Gold mining has been for many years the mainstay of the district, and it will be observed from the map that a large portion of the country is auriferous. Although some of the older alluvial diggings are supposed to be worked out, the use of [unclear: m] modern appliances for mining—in place of the very primitive methods which [unclear: h] fore have alone been used in this district—will enable many of such diggings to be again worked at a profit, and give employment for many years to men and capital It is also most probable that fresh fields will continue to be discovered from times to time as the district becomes opened by settlement .

Quartz-mining is as yet in its infancy in this district, and offers a large field [unclear: for] the employment of capital and scientific mining knowledge and experience.

Attention has of late years been redirected to the auriferous deposits on [unclear: the] beaches of Westland—rich gold being found there intimately associated with magnetite (the "black sand" of the diggers), and the ordinary sand or shingle, along the coast for some 400 miles. Dredging claims are now eagerly sought for, and almost the whole of the sea beaches as well as those of the gold-bearing Westland are pegged out; the owners for the most part merely holding at present to satisfy themselves as to the best plant to use. This branch of goldmining requiring special machinery, commends itself to capitalists as being out to the province of the ordinary "digger." The ultimate success of the industry seems assured; if pursued with caution and with thorough prospecting of the ground large profits, will no doubt result. With improved mechanical appliances for raising and washing the sand and shingle, the lower and richer "leads" of gold which have never yet been worked—owing to the difficulty of contending with the water on the old system—will no doubt soon be made available.

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Coal.—Though not so widely distributed as gold, coal is found in very large quantities within the district. The chief deposits now worked are near the towns of Greymouth and Westport. Coal is also found at Reefton, Mokinui, Upper Buller Owen, Kanieri, etc. Of late years the output from this district has greatly in increased viz.,—from 55,000 tons in the year 1880, to 322,000 tons in the year 1888. New Zealand coal cannot yet be said to be introduced into the Melbourne market, trough Greymouth coal sells there for 2s. 6d. to 5s. per ton more than is given for the best Newcastle, N.S.W., coal. This is for gas making. The Westport coal is highly esteemed for steaming purposes, and has already been much used in ocean-gang steamers. Quite recently the Chief Engineer of H.M.S. Nelson reported on it very highly as a steam coal, and the Calliope incident is to recent and well-known to need comment.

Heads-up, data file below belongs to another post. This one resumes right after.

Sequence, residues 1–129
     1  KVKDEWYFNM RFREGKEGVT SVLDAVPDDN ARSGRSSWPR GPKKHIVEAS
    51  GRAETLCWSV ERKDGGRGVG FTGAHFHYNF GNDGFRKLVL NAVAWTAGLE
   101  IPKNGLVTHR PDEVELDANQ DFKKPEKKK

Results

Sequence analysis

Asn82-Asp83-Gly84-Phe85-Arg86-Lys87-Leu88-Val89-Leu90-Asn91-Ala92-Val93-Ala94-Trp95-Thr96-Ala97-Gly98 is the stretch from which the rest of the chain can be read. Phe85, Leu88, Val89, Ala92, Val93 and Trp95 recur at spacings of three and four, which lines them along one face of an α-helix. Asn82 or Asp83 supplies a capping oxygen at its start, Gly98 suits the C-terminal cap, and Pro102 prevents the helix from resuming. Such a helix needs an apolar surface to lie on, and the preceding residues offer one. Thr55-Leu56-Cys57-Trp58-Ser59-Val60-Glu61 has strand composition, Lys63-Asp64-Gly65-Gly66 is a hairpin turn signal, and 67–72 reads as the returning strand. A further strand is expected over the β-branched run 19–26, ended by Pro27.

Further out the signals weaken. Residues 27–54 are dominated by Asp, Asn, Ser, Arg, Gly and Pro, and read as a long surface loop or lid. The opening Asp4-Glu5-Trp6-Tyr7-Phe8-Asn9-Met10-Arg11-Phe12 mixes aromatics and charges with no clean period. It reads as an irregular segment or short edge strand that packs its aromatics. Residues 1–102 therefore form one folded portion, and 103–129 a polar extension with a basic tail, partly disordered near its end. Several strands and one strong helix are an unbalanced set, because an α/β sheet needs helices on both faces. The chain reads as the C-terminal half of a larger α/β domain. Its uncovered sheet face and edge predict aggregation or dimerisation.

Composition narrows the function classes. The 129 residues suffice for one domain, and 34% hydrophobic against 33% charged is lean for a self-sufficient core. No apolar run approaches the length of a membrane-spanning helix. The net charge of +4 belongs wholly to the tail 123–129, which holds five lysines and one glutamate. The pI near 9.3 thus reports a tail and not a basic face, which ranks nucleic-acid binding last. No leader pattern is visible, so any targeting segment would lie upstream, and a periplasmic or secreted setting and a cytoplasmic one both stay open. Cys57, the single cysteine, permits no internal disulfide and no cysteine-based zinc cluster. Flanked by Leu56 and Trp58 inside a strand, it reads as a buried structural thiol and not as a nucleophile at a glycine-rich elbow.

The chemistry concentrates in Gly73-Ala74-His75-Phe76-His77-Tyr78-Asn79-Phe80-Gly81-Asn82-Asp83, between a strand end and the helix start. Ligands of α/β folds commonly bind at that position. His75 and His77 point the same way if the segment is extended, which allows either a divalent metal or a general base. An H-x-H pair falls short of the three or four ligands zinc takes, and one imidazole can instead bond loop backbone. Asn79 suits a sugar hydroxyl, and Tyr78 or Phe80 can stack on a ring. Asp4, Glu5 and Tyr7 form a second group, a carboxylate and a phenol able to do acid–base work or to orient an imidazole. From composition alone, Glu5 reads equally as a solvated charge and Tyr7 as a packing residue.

Three Companies holding leases of valuable coal areas on the North side of the Grey river, are now taking steps to open up their mines and to bring their coal to the port of Greymouth, whence it can be profitably placed on the Australian markets.

The quality of these coals being proved to be excellent, and the supply being sufficient for years to come, there is every reason to predict even a more rapid expansion of the coal industry of this district in the future than has been seen in the past, particularly as many capitalists are now making inquiries, with a view to investing in the district. Analyses of the various coals can be obtained from the N.Z. Midland Railway Co., Limited, at Christchurch, N.Z. A Feature of these coal scams is that many of them are outcropping, and can be won by driving without sinking. Coke of the highest quality is made from the Greymouth [unclear: seal]